Posted June 15, 2009

Third-party applications are a very important part of the IT landscape. Many of us have faced the common dilemma of trying to decide whether to build or buy that next important application our organizations need. (By the way, I'm talking about smaller, specialized applications like an inventory management system for the company warehouse, or a practice management system for a doctor's office. I'm not talking about the huge and incredibly sophisticated ERP systems like SAP and Oracle Financials.)

Posted May 15, 2009

The idea of "SQL Server in the cloud" is all the rage as I write this article. Many SQL Server experts already predict the demise of the IT data center and a complete upending of the current state of our industry, in which large enterprises can spend millions of dollars on SQL Server licenses, hardware and staff. I have to admit, when I first heard about this idea, I was ecstatic. What could be better for an enterprise than to have all the goodness of a SQL Server database with none of the hardware or staffing issues? However, on deeper examination, there is much about which to be cautious.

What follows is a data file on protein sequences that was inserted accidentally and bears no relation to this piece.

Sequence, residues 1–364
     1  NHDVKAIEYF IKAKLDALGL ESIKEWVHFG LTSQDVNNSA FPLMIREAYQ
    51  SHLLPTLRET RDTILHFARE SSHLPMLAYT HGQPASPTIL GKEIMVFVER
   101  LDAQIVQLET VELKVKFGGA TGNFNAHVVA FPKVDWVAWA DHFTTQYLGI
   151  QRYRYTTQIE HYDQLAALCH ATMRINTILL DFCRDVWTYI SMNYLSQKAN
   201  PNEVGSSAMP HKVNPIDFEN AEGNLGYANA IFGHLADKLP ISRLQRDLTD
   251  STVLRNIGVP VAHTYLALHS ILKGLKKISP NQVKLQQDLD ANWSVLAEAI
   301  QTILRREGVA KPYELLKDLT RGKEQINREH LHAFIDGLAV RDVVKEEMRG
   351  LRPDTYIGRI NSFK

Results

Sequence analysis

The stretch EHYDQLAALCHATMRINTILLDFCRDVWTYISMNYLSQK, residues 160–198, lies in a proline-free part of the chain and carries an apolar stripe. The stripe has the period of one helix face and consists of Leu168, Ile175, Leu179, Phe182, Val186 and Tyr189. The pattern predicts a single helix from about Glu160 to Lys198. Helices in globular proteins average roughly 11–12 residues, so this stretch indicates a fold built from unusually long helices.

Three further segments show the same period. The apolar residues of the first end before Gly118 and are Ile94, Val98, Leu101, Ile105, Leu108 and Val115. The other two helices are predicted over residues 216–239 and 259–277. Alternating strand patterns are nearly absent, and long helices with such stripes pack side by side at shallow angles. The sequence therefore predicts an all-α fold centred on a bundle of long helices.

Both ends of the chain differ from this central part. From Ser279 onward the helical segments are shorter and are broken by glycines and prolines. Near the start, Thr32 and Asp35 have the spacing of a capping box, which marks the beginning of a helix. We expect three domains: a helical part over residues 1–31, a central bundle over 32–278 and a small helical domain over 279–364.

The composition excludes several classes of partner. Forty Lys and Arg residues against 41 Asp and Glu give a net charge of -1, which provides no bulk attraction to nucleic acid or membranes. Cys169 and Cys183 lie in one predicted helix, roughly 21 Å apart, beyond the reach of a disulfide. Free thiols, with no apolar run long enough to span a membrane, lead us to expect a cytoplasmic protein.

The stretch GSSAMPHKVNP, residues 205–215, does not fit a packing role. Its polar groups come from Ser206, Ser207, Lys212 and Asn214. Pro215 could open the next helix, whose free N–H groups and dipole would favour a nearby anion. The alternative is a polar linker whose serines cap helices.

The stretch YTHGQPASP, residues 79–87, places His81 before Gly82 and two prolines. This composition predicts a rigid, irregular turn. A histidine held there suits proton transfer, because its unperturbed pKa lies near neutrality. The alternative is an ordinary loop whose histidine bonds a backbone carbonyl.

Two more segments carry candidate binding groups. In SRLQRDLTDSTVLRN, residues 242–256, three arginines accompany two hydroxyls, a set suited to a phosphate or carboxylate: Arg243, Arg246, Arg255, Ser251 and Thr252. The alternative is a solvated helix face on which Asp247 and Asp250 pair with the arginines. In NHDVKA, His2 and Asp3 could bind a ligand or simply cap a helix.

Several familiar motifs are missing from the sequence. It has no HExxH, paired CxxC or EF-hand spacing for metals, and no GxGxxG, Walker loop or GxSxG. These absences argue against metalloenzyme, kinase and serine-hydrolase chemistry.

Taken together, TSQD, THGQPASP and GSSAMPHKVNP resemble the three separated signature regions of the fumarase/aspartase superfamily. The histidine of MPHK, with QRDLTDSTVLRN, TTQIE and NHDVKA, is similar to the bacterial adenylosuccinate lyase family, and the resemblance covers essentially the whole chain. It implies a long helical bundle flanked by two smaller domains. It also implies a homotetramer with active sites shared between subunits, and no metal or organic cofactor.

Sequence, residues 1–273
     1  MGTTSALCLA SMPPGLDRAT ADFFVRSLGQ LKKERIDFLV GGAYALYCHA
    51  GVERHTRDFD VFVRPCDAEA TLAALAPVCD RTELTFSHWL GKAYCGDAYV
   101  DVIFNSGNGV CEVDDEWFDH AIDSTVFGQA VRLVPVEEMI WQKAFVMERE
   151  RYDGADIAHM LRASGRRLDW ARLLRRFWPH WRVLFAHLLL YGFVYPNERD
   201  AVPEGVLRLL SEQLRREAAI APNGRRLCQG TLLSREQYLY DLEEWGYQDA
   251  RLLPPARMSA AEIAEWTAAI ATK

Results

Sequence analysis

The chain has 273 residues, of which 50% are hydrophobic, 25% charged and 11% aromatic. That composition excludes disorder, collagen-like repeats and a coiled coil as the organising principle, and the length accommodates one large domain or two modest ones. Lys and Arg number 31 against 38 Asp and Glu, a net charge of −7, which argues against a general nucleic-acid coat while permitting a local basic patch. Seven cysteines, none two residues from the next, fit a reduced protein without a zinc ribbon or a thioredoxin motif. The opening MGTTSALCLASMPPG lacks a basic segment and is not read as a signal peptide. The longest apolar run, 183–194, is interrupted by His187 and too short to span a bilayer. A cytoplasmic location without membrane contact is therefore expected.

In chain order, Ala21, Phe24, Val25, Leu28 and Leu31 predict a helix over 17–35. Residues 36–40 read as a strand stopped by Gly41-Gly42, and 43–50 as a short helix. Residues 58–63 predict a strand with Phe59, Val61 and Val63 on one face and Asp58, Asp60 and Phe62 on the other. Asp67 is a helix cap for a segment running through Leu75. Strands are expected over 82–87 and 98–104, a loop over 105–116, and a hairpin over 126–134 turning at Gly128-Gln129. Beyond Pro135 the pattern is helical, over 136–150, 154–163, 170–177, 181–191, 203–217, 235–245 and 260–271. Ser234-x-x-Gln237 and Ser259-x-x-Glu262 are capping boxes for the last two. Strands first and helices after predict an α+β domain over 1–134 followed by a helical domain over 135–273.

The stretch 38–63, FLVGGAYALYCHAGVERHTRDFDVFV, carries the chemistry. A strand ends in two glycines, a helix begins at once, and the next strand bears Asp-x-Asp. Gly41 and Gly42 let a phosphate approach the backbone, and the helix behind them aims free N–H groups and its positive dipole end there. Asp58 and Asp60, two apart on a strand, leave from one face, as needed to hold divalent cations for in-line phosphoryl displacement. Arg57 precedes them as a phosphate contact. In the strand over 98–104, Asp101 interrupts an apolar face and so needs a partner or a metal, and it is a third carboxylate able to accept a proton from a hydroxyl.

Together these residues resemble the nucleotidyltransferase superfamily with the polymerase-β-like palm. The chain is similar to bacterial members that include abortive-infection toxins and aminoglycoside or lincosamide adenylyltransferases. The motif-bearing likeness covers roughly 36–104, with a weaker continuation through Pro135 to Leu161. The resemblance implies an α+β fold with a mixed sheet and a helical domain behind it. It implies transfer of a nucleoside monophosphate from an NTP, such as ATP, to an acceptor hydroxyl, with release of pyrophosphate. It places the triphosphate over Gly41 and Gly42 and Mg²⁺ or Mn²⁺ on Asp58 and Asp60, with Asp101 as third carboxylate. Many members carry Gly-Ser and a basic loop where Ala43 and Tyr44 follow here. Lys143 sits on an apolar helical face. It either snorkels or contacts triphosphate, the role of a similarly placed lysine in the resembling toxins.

Posted April 15, 2009

In my last column (published in the February e-edition and the March print edition of DBTA), I reviewed the overall coding landscape for SQL Server with special focus on LINQ to SQL, a new technology introduced by Microsoft in late 2008. LINQ to SQL promised to make developers' lives much easier by allowing them to focus on writing programs in their favorite Visual Studio language and letting LINQ to SQL write all the Transact-SQL code. The problem is that LINQ to SQL writes very bad Transact-SQL code.

Posted March 15, 2009

SQL Server has supported VLDBs (very large databases) for some time now. Back in the SQL Server 2000 days, I recall hearing multi-terabyte databases were unusual but doable. Now, they are commonplace, while databases in the hundreds of terabytes inhabit the part of the map that says "there be dragons." While VLDBs are quite common on SQL Server today, highly scalable systems that can be flexibly extended in the same fashion as Oracle/RAC are less so. So, how do you design a highly available architecture for SQL Server if it's not like Oracle/RAC.

Posted January 15, 2009

Implementing PBM in your environment will probably require more than just a few superficial changes.

Posted December 15, 2008

Posted September 15, 2008